What are regional human rights mechanisms?
Regional human rights systems were developed to reflect regional values and offer a more specific framework than the UN system. Such a framework can resonate more strongly with local realities and allow for different approaches to enforcing standards.
Unlike the UN system, some regional human rights systems (e.g. both the Inter-American and the African) spell out the duties that individuals have to society, as well as their rights.
There are numerous regional human rights bodies around the world, and this guide attempts to introduce the main ones for children’s rights detailed below. These pages offer the following information:
Introductions to each of the mechanisms - what are they, what do they do on children’s rights, and examples of how to use them for children’s rights advocacy
Examples of successful cases
Glossaries of key terms for each regional system.
What do they do on children’s rights?
The regional systems provide varying degrees of protection for children’s rights: some have specific instruments and mechanisms to challenge breaches; others rely on a monitoring body to interpret how a particular treaty applies to children’s rights. Where there are gaps in the protection of rights, all three regional systems may draw on the UN or other regional systems to interpret how the provisions of human rights instruments apply to children.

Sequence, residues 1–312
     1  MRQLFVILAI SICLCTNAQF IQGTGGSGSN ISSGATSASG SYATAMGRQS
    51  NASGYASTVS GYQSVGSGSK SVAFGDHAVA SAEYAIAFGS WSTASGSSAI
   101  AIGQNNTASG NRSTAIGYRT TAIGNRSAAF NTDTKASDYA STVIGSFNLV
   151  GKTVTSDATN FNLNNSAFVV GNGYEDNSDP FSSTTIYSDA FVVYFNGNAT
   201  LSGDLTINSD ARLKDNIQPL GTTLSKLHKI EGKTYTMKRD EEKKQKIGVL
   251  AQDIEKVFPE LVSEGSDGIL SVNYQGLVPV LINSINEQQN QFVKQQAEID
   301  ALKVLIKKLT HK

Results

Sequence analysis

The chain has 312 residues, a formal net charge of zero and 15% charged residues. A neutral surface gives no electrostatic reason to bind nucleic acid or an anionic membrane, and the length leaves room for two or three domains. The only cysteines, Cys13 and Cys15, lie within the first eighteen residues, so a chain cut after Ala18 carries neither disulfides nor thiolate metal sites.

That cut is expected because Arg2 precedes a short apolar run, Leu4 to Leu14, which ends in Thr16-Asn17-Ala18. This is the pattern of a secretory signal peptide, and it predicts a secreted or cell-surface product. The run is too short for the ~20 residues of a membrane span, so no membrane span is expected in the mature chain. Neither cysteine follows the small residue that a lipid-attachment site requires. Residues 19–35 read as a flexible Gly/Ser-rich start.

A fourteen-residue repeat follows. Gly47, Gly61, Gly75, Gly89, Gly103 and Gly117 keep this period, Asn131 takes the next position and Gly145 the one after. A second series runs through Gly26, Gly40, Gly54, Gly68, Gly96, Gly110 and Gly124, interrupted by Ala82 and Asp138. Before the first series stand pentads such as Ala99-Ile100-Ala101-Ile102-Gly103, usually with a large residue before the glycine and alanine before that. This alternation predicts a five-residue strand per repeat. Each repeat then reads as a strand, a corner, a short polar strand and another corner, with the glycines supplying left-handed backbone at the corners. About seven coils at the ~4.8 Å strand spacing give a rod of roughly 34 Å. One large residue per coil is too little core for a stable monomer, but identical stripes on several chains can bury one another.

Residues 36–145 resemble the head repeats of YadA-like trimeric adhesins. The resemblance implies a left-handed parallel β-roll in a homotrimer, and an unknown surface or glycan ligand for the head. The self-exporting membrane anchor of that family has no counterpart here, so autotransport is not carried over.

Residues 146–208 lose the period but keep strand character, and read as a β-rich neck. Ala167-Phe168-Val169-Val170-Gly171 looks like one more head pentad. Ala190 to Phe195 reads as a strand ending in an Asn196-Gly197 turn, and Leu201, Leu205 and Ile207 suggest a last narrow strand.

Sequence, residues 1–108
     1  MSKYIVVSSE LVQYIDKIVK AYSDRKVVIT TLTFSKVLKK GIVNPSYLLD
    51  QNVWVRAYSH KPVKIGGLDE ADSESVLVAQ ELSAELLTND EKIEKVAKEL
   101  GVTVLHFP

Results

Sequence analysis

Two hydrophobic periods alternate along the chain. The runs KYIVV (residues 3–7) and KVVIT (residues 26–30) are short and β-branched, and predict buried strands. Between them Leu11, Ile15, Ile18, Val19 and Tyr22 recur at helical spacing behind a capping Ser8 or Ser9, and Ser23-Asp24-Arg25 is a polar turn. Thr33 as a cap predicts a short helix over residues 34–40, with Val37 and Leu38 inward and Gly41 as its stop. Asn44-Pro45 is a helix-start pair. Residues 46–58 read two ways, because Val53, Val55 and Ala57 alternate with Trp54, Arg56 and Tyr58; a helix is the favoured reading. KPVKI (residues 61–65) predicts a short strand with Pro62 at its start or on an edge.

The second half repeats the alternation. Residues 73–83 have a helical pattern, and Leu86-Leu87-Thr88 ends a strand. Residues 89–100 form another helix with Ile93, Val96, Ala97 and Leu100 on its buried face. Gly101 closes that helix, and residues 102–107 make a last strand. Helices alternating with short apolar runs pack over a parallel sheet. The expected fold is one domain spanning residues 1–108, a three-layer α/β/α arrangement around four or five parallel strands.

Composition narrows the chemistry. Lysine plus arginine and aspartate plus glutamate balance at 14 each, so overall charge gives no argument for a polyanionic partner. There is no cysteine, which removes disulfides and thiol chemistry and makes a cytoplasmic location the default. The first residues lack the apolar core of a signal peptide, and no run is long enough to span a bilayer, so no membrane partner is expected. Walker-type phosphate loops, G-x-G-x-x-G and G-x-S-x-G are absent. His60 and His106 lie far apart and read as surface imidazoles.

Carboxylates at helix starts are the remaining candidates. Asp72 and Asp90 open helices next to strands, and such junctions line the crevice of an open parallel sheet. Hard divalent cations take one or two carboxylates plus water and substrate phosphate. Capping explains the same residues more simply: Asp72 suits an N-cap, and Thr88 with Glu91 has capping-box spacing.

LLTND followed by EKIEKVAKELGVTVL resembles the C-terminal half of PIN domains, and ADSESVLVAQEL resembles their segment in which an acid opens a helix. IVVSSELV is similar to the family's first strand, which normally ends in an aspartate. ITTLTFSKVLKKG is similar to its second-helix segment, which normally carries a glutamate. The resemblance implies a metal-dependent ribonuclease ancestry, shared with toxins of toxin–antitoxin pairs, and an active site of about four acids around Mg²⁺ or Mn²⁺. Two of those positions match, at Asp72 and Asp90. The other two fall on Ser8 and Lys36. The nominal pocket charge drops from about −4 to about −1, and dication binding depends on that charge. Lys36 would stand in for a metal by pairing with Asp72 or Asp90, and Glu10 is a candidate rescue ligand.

States which violate or fail to protect children’s rights can be held to account at a national, regional or international level. Complaints can be brought before some regional human rights bodies if the complainant has exhausted all avenues available to them in the domestic courts or have been prevented from seeking justice. The legal complaints section of our website has more information on this.
We are adding to this guide as we develop our regional children’s rights monitoring and research work, so please email us with any feedback or further information on regional mechanisms.